This Flying Drone Knows What that Smell Is
Smells can tell us a lot about a situation or the condition of things, such as the ripeness of fruits or if milk has expired. Often, more dangerous smells go unnoticed by the human nose, so scientists have come up with a drone with finely tuned smell detectors.
The robot – called “smellicopter” – was developed by researchers from the University of Washington and the University of Maryland, as part of a project to create devices that can navigate situations where sending a person is simply not possible, such as a disaster area or detecting a gas leak in a mine.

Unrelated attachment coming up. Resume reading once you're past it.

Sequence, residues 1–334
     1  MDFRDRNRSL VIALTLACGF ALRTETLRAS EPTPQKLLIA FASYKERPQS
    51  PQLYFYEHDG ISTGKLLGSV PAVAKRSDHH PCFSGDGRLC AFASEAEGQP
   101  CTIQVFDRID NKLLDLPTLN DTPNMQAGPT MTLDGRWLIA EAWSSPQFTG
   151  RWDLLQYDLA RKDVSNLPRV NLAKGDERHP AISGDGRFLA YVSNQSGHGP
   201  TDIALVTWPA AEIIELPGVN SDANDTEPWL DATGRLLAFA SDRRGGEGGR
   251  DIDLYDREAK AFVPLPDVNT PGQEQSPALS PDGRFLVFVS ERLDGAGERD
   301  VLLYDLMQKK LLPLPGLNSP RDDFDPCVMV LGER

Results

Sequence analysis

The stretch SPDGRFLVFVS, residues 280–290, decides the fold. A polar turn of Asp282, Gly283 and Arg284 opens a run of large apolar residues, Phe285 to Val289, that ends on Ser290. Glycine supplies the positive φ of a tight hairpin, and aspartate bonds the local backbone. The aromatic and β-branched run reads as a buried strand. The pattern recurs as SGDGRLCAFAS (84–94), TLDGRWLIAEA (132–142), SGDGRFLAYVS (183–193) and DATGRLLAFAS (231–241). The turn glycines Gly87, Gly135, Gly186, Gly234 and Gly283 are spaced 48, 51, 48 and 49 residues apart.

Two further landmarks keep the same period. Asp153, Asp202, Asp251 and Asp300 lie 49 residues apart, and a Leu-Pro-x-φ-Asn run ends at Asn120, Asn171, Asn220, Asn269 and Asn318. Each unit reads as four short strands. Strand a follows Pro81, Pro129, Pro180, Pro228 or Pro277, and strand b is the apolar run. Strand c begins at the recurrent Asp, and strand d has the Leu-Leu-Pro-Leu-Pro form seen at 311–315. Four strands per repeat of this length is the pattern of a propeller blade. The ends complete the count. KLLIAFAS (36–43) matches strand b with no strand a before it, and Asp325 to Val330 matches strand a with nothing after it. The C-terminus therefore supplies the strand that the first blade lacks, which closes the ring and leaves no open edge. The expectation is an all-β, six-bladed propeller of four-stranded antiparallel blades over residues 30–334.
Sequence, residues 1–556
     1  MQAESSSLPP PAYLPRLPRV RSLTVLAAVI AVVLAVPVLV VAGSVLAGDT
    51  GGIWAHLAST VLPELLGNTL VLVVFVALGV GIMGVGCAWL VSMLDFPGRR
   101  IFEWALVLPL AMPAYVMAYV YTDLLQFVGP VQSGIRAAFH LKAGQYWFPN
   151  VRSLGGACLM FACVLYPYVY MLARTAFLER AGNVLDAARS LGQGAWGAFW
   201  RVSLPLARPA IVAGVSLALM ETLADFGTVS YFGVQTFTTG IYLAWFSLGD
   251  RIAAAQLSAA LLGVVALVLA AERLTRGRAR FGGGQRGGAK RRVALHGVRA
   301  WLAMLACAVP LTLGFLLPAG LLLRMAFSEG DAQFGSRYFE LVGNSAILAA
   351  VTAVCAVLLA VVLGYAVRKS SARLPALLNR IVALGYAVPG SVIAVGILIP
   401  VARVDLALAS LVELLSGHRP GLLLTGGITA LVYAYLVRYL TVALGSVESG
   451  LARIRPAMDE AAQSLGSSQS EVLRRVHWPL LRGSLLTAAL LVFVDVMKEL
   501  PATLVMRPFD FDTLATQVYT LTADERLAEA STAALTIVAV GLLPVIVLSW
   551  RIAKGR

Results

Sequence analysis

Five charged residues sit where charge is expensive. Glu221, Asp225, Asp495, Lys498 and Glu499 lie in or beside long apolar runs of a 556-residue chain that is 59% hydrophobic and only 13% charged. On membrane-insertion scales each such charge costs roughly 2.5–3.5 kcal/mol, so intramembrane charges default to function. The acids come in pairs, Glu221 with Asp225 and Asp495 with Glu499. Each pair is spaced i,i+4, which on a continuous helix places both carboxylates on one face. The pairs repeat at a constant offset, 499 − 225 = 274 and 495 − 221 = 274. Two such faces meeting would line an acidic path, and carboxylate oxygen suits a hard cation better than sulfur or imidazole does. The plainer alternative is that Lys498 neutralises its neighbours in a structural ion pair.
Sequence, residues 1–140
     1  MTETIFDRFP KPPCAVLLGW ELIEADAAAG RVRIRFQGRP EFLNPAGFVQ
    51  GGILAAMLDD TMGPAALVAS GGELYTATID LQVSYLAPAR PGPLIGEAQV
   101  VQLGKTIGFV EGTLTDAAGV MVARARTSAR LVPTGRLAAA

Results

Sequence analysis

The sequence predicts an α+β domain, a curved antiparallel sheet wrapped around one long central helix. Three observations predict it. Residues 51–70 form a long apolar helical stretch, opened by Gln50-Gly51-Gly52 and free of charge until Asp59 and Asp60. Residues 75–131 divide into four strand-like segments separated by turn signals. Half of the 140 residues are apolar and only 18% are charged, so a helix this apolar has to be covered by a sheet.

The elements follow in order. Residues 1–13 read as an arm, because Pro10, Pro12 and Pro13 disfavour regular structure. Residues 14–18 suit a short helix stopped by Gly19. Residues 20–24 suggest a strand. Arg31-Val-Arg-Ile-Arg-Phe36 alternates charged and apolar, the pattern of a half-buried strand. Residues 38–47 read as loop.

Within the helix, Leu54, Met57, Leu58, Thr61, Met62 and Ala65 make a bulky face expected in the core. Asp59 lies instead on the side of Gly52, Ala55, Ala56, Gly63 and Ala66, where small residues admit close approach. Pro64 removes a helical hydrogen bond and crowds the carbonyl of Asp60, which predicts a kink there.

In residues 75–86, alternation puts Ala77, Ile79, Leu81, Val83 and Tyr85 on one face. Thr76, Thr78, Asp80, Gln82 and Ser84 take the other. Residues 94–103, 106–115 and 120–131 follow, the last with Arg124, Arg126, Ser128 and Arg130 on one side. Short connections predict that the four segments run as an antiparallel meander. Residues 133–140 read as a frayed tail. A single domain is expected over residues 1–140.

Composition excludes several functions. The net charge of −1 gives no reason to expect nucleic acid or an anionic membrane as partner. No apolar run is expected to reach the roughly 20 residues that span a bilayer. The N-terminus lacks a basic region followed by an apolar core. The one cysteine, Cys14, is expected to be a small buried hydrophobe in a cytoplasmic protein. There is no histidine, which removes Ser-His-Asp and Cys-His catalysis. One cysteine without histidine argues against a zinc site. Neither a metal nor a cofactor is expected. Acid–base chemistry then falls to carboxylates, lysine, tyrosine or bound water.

The palm-sized, customisable quadcopter was influenced by nature and uses antennae from a hawkmoth, which has evolved to pick up the faintest of particles in the air, and uses this smell-based navigation to find food and mates.
By adding wires to the sensitive organs, the electrical signals can be used to create a “cast and surge” protocol, which involves the smellicopter searching for a scent – once detected, it will create a flight path for the source.
The smellicopter has major potential for saving lives, and searching for who smelt it and dealt it.
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